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Stranger [Blu-ray] [Import]

 Unrated   Blu-ray
3.9 out of 5 stars  See all reviews (12 customer reviews)
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The legendary story that hovers over Orson Welles's The Stranger is that he wanted Agnes Moorehead to star as the dogged Nazi hunter who trails a war criminal to a sleepy New England town. The part went to E.G. Robinson, who is marvelous, but it points out how many compromises Welles made on the film in an attempt to show Hollywood he could make a film on time, on budget, and on their own terms. He accomplished all three, turning out a stylish if unambitious film noir thriller, his only Hollywood film to turn a profit on its original release. Welles stars as unreformed fascist Franz Kindler, hiding as a schoolteacher in a New England prep school for boys and newly married to the headmaster's lovely if naive daughter (Loretta Young). Welles the director is in fine form for the opening sequences, casting a moody tension as agents shadow a twitchy low-level Nazi official skulking through South American ports and building up to dramatic crescendo as Kindler murders this little man, the lovely woods becoming a maelstrom of swirling leaves that expose the body he furiously tries to bury. The rest of film is a well-designed but conventional cat-and-mouse game featuring an eye-rolling performance by Welles and a thrilling conclusion played out in the dark clock tower that looms over the little village. --Sean Axmaker

Special Features

Audio commentary from filmmaker / historian / curator Bret Wood, Original Nazi concentration and prison camp footage (which are featured in the finalfilm) from filmmaker George Stevens, Original Theatrical Trailer.

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Most helpful customer reviews
3 of 3 people found the following review helpful
4.0 out of 5 stars The Stranger April 19 2004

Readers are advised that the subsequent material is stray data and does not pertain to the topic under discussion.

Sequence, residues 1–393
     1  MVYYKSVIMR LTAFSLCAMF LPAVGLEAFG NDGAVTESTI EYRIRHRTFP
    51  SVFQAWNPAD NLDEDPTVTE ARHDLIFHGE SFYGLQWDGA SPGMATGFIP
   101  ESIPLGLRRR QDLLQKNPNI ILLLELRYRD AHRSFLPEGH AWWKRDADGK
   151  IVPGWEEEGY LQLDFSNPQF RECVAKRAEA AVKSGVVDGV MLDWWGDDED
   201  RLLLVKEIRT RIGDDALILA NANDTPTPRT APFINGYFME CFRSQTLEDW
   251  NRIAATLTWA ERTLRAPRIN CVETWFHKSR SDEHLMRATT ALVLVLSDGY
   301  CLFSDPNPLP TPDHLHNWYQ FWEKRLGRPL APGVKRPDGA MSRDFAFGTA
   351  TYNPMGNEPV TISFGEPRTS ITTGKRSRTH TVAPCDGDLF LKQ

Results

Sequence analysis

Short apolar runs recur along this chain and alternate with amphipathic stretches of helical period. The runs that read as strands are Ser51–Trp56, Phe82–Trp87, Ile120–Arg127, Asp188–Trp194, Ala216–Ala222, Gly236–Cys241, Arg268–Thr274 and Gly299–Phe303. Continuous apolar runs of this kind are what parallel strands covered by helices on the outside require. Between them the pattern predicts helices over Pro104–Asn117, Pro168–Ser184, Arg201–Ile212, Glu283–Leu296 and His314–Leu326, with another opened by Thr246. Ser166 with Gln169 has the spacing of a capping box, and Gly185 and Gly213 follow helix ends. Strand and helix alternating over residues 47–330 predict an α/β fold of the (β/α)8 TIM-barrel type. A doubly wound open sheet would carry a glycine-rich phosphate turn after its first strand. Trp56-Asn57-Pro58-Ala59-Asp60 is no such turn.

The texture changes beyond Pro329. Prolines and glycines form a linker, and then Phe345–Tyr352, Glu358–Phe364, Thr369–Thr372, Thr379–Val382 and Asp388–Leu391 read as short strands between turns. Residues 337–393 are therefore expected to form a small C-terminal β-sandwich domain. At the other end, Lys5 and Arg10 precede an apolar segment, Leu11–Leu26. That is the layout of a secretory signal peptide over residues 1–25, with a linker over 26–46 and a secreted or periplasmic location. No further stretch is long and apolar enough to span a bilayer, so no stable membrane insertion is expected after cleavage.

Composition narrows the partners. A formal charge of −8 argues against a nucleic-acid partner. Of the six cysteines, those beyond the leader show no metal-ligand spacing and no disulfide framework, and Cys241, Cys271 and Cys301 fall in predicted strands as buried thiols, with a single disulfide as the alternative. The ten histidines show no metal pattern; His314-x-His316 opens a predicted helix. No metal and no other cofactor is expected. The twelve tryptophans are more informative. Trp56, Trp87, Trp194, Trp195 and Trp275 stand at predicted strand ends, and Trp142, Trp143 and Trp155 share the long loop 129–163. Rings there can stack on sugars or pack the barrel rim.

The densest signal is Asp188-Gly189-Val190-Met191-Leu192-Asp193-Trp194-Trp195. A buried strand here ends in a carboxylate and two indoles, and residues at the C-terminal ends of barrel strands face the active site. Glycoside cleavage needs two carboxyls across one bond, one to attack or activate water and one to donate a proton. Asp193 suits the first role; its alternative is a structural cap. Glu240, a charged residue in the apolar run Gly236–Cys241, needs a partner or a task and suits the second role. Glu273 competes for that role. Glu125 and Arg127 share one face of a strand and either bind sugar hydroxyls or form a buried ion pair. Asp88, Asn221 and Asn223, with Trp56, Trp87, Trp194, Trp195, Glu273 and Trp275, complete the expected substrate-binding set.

"You can threaten me with the bottom pits of hell," Edgar G. Robinson as War Crimes Commissioner Mr. Wilson exhorts a roomful of tired old Europeans, "this obscenity must be destroyed."
The "obscenity" is former Nazi Franz Kindler (Orson Welles), a death camp mastermind who disappeared shortly after the war. Wilson wins his argument and Konrad Meinike, one of Kindler's Nazi subalterns, is allowed to escape, hoping that he'll lead Wilson to Kindler.
Like the best film noirs, this is a handsome movie of shadows and sunlight. Meinike does make a shadowy escape, and Wilson follows him to the bucolic town of Harper, Connecticut. The stakes are implied but clear - Kindler and his ilk are malignant cancers, and Harper is pure and uncorrupt. Evil can't be allowed to sink its rotted tendrils into Harper. Harper with its ivied walls and paper chases, with the boys whistling at pretty blondes and new brides hanging new curtains.
Meinike does find Kindler, now Dr. Charles Rankin, early on in the movie. Evil needs shadows and dark places to grow. "We must stay hidden 'til the day we strike again." Kindler/Rankin is hunted, he knows it, and Meinike is an unwelcome intrusion. The last thing he needs is an old army buddy with the thick German accent hanging around.
Kindler makes and shallow plants the first corpse of the film, and so we're off.
THE STRANGER is a slick little suspense movie that really shouldn't be subjected to intense scrutiny. For instance, it's probably better we believe that Kindler was able to "disappear" into Smalltown, USA so smoothly. It's best we ignore the nagging question of how Rankin was able to woo and win the heart and hand of the beautiful daughter of a liberal Supreme Court Justice so quickly.
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1 of 1 people found the following review helpful
3.0 out of 5 stars Well-paced thriller, atypical of Welles' style Oct. 18 2003
The quality of this DVD is adequate: more watchable than the other Welles "Laserlight Classics," but nowhere near as sharp as, say, the recent DVD releases of "Citizen Kane" or "The Third Man." The bizarro Tony Curtis introduction is perhaps worth the price of admission alone! The bonus documentary is fairly perfunctory, but does contain some interesting and rarely seen trailers of Welles films.